Does your paper art need conservation work before custom framing?


You have an awesome print, or poster, and you are dying to get it into a frame. You pull it out of storage and you realize that there is damage. This damage might be a big tear, missing paper, maybe it is some bad fold lines, or creases. One way or another, your artwork is damaged. This is common for various print types, especially movie posters, concert posters, vintage travel posters, and war posters. Before the 1980s, one sheet movie posters (27×41”) were shipped to theaters folded into a 11×14 rectangle, which would fit in a film canister for easy shipping. Naturally, these old posters have severe fold lines and often have separations along the folds, making them difficult to frame safely. There are other sizes of movie posters, such as the half sheet and the lobby card, which were printed on a thicker paper stock, like concert posters. Even though they aren’t as flimsy as one sheet movie posters, they are still easily damaged. From rips and tears to faded colors and missing paper, these prints aren’t ready for a frame quite yet. At Anthology Fine Art, we are apprehensive to frame damaged prints that don’t have a strong structural integrity as we may introduce more damage. Luckily, there are options. These are a few restoration methods you can seek if your prints are damaged.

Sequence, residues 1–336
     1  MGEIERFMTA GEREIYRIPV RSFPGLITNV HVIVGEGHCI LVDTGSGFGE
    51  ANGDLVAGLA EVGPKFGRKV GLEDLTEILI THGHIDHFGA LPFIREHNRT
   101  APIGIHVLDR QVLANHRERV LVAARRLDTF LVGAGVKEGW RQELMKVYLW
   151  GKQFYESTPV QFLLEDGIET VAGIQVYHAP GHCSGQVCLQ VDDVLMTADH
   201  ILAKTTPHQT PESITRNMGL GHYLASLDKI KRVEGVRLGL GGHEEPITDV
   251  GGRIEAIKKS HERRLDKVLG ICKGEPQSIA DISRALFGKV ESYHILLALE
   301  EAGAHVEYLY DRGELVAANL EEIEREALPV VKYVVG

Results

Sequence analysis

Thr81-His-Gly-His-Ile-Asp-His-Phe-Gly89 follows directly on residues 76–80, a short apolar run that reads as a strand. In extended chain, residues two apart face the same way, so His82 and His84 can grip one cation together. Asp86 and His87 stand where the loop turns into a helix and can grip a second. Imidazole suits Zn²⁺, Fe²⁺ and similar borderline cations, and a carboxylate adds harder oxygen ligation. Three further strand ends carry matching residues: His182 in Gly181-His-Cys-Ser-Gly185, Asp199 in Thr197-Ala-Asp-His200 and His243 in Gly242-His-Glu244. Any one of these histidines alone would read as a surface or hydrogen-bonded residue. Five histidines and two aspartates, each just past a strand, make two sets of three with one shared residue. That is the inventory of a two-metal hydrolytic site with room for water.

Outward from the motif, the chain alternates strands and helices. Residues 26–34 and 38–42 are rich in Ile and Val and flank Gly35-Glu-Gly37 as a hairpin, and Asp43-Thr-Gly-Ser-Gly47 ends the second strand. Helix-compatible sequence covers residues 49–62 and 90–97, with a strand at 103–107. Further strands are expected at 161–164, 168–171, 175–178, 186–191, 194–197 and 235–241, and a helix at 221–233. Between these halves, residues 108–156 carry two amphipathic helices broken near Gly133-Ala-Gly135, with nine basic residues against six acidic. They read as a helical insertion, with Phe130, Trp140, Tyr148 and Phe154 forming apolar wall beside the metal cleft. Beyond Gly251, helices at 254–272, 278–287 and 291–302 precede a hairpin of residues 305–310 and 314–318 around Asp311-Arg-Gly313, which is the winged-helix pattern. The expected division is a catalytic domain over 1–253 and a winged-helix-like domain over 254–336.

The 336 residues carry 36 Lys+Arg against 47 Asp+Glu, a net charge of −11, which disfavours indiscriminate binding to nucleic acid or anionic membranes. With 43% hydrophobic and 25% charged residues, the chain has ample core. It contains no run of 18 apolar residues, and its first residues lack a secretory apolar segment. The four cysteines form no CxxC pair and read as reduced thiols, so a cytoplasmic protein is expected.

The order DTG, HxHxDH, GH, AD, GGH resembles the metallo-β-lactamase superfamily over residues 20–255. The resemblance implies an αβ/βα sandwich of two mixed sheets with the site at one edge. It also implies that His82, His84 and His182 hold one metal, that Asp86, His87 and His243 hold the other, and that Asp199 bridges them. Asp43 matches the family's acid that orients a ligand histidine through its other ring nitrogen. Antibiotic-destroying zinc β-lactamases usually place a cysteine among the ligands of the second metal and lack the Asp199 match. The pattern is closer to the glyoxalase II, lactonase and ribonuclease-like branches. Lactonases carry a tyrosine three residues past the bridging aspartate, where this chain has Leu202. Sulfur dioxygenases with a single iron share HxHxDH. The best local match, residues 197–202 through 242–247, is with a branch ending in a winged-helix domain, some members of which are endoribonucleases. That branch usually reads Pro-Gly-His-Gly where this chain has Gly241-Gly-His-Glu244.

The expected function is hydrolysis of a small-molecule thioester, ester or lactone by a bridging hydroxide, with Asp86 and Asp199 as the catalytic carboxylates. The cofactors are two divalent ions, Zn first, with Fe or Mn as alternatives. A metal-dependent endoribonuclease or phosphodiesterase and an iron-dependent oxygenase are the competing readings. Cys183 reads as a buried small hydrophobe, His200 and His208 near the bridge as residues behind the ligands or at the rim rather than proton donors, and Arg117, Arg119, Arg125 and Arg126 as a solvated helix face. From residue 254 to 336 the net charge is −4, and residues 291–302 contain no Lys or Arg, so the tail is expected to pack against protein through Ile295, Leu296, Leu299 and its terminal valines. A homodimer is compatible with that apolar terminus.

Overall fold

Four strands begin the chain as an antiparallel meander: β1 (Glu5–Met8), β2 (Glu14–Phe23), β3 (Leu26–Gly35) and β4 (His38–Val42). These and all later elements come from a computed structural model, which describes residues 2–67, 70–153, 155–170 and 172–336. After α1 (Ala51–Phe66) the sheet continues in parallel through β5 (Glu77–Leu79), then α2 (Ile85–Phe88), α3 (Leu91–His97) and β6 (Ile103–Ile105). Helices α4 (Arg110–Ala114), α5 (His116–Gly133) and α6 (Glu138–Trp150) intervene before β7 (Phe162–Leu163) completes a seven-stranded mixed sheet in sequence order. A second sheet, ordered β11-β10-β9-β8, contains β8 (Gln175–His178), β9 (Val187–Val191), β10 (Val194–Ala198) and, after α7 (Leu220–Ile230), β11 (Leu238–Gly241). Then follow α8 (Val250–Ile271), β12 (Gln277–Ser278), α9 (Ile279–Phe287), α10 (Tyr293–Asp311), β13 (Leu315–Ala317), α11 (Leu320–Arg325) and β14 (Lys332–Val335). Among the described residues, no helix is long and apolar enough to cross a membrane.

1. Linen Backing

Linen backing is commonly used for prints on thin, newspaper-like paper. This is the common restoration method for one sheet, three sheet, and six sheet movie posters as well as vintage war posters and travel posters. The linen backing process is 100% reversible, so it doesn’t introduce any permanent changes to the artwork. This is an important detail for collectors, because permanent changes to the prints can cause a loss in value. 


Linen backing attaches the print to a thin Japanese paper that will eventually be attached to a thick piece of canvas. Professionals use an acid free paste that doesn’t cause damage to the artwork. It’s unclear exactly what this paste is, as many restoration professionals keep their secrets closely guarded. There is a small group of people that do this work and they each have their own secrets. The poster is attached to canvas so that the professional can easily replace missing paper and do any touch up to missing pieces. The linen is also rigid and allows for safe and easy handling, which is great for when it arrives at your custom framing shop. 


Another cool fact about linen backing is that the poster is completely cleaned and de-acidified before the restoration work occurs. It might sound strange, but the poster actually takes a bleach bath. This removes any dirt and grime that the poster has accumulated over the years. Old posters are naturally acidic due to the cheap paper they were printed on, so removing most of that acid will ensure a longer life for the print. See the image below for a before and after that showcases what linen backing can do for your old poster. The sample below was done by Lumiere Poster Restoration.

2. Paper Backing